L-Theanine: The Nutrient in Green Tea That Has Powerful Health Benefits
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In this article:
- What Is L-theanine?
- L-Theanine in Green Tea
- Researched Benefits of L-Theanine
- How L-theanine Works
- What L-Theanine Does in the Body
- L-Theanine Dosage
- Safety and Drug Interactions
L-theanine (Camellia sinensis), a unique amino acid found almost exclusively in tea plants. As a dietary supplement, it is a popular natural approach to relieve stress and promote calm but with increased mental energy.1
In green tea leaves, L-theanine comprises between 1 to 4% of the dry weight. It has also been available as a dietary supplement for nearly 30 years. Its popularity as a dietary supplement began in Japan in 1994 when it was approved for use as an aid to conquer stress and promote relaxation. That popularity has spread to North America, and now L-theanine can be found as the critical ingredient in functional foods and beverages and dietary supplements designed to produce mental and physical relaxation without inducing drowsiness.
Another critical benefit of L-theanine is that it is fast-acting. Generally, the effects are felt within the first 30 minutes and last 8 to 12 hours. L-theanine is generally recognized as safe (GRAS), with no adverse effects having been reported.1-3
Any discussion on the health benefits of green tea would be incomplete if it did not highlight L-theanine. The tea plant uses L-theanine to manufacture its polyphenols known as catechins during the process of photosynthesis. Theanine is also the compound responsible for the characteristic taste and aroma of green tea.
As for green tea sources, matcha has a high amount of theanine as its cultivation involves shading the tea plant for the last three weeks before harvesting. The result is less photosynthesis occurs so that more theanine is left on the leaves giving matcha its characteristic sweetness and flavor. Shading also results in the tips of the plant concentrating chlorophyll giving matcha a brighter green color.
While traditional green tea may have theanine content as low as 5 mg per cup, shade-grown green tea, like matcha, may have as much as nine times this amount per cup, or about 45 mg, but most often matcha contains 25 to 30 mg per cup. As for caffeine content, matcha comes in at a modest 30 mg per cup. So, there is generally an equal amount of L-theanine and caffeine in matcha.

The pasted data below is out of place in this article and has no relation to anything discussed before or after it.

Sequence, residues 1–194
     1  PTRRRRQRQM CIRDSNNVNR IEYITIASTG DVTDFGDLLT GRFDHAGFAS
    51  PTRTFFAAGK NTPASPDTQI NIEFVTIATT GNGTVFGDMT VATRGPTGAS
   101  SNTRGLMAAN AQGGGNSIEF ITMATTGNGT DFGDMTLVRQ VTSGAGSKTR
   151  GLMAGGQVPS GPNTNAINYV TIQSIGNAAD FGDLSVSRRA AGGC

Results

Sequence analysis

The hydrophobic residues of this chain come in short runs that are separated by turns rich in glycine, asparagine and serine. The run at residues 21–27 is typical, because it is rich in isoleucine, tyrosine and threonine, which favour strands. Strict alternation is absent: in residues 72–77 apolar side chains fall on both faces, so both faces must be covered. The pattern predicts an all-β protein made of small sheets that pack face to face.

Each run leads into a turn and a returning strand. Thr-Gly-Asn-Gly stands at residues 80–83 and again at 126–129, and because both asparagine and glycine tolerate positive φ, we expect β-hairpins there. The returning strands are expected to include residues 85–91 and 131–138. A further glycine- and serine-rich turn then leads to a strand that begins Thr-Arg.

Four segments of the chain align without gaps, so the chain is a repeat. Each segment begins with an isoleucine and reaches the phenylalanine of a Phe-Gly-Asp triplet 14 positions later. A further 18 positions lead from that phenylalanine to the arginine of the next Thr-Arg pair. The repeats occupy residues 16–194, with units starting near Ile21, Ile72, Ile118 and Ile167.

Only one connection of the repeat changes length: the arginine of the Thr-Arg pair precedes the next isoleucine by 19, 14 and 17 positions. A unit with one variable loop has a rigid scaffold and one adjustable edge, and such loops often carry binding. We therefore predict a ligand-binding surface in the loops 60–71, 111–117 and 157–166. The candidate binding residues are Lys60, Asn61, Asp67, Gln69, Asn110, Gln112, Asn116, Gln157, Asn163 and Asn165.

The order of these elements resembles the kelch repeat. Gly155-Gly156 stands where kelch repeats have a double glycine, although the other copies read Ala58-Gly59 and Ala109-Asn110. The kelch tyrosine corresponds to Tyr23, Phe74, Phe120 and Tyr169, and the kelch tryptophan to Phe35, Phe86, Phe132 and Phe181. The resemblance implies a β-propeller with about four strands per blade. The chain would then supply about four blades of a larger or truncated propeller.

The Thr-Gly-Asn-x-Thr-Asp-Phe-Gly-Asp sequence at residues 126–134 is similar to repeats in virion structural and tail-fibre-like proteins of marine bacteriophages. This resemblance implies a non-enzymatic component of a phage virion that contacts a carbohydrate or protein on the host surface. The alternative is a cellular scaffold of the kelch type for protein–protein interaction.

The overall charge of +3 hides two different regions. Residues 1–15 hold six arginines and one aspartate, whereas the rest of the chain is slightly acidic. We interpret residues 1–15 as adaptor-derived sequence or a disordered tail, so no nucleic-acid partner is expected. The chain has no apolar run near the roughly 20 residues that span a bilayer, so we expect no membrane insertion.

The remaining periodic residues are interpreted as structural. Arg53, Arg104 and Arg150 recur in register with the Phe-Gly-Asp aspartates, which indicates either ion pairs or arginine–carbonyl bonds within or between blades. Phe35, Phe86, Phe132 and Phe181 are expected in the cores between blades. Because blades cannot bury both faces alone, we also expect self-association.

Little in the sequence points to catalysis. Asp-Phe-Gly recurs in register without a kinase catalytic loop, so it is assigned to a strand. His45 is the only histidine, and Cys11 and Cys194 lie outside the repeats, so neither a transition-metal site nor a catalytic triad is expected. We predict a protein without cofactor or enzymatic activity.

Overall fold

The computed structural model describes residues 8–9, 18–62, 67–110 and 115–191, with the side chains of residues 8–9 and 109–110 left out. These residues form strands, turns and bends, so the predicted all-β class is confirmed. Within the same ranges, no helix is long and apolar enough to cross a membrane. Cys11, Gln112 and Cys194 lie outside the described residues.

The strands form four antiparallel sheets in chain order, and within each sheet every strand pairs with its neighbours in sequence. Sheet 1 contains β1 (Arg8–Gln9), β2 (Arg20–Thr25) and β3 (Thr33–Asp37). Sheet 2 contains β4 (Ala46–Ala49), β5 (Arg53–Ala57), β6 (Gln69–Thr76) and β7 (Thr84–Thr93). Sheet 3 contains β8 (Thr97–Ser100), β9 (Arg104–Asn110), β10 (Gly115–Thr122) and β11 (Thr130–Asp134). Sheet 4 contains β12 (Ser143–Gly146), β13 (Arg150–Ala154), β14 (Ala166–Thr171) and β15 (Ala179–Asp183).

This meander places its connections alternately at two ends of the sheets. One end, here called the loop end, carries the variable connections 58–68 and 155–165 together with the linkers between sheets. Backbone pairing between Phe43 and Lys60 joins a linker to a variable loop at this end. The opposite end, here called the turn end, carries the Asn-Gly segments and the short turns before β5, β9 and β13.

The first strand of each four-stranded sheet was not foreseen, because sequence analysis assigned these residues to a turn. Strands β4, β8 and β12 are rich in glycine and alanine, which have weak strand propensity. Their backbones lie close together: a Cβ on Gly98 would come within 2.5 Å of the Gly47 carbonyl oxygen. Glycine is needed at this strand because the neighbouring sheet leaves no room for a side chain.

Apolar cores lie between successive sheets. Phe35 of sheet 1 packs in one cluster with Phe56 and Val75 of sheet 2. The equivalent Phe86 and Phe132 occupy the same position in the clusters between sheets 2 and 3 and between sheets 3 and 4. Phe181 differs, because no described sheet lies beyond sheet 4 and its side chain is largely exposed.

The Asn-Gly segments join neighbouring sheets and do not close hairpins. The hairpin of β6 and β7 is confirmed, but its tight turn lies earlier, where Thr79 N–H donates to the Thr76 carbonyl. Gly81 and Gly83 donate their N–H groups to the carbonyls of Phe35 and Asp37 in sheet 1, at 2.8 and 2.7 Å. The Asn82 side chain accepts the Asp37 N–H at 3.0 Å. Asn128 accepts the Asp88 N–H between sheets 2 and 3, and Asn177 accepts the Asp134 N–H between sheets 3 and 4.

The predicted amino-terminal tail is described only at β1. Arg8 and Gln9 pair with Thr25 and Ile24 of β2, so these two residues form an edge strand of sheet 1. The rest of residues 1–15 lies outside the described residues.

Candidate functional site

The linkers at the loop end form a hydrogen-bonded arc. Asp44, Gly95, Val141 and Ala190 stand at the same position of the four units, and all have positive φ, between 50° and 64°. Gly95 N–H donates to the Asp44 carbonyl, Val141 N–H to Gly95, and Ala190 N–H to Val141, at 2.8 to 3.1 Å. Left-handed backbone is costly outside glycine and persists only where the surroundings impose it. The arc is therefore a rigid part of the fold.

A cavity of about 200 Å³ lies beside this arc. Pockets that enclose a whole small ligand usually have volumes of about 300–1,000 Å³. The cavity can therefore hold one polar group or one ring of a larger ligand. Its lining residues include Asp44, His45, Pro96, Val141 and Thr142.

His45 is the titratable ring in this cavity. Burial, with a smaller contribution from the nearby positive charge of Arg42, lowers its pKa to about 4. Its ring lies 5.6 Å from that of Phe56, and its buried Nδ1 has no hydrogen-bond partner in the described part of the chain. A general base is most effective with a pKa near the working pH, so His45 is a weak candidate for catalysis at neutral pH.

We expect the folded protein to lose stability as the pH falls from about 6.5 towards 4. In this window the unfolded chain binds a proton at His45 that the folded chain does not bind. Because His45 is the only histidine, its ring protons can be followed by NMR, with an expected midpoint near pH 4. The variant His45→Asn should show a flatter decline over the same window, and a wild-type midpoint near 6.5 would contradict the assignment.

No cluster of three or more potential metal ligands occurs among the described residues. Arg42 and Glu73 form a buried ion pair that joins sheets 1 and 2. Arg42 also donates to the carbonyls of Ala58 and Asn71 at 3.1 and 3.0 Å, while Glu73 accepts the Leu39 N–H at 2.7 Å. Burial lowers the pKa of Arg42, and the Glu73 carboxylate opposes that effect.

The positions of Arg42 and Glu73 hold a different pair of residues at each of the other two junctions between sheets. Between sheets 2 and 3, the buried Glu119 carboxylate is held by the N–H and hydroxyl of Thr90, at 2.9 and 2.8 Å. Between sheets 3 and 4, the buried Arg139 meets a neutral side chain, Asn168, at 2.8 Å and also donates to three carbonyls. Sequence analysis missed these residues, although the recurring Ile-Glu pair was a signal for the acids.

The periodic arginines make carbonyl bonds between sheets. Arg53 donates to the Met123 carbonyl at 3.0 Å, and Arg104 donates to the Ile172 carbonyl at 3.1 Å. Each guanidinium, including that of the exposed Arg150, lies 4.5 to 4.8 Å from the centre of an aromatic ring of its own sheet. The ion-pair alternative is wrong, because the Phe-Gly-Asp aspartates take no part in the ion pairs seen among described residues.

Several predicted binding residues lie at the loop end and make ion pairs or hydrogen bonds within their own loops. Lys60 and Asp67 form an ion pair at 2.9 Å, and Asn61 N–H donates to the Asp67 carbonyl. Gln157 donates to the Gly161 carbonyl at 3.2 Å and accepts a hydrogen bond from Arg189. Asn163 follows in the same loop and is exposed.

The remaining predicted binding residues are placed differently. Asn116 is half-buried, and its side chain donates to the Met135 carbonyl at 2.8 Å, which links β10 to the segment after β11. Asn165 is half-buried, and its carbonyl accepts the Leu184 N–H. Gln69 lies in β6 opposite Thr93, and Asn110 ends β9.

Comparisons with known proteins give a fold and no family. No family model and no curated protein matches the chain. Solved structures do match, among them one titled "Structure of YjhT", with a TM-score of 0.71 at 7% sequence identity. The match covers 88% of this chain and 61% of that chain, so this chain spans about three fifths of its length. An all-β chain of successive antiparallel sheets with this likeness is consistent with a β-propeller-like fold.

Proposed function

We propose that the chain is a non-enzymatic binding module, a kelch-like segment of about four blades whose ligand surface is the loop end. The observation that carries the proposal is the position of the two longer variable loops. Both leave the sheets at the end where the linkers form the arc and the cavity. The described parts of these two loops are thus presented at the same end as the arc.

Human clinical studies have confirmed many of the unique effects of L-theanine as it has been shown to reduce the adverse side effects of caffeine, such as anxiety and irritability. It has also been shown to reduce stress feelings, improve sleep quality, diminish the symptoms of premenstrual syndrome, heighten mental acuity, and provide some benefits in attention deficit disorder with hyperactivity.
L-Theanine’s Brain Benefits
L-theanine exerts many exciting effects, primarily on brain chemistry. The easiest way to look at theanine is as an "anti-caffeine" molecule, but that is somewhat limiting. Caffeine is a stimulant, and theanine buffers some of the effects of caffeine in the brain. It is incorrect to think of theanine as a "sedative." L-theanine is anything but that as it stimulates brain energy, just much different from caffeine.1-3
In animal models, L-theanine has been shown to increase brain levels of many different brain chemicals, especially neurotransmitters that carry signals from one brain cell to another. It improves brain function, learning, and memory in these studies. That is probably why forms of green tea rich in theanine, like matcha, were so valued as an aid to meditation and revered in green tea ceremonies.
One of the critical outcomes of theanine's complex actions in the brain is to increase the production of α-brain waves.4 These brain waves are associated with feelings of calmness and focus. During meditation, α-brain waves are abundant. It is interesting to note that matcha, the form of green tea most valued by ancient Japanese monks for their tea ceremony, is the richest source of theanine with only a modest caffeine content. Theanine accentuates the meditative state by promoting greater mental focus and alertness. In addition to boosting α-brain waves, theanine also lowers β-waves. This brain wave pattern is associated with nervousness, scattered thoughts, and hyperactivity.
The Anti-Stress Benefits of L-Theanine
L-theanine can facilitate positive changes in brain chemistry, promote alpha brain waves, and reduce beta waves, resulting in reduced feelings of stress, anxiety, irritability, and anxiousness caused by caffeine.1-3 That said, when L-theanine is used with caffeine, it has been shown to enhance cognitive skills and improve attention span, the ability to process visual information, and increased accuracy when switching from one task to another. All positive effects.4-6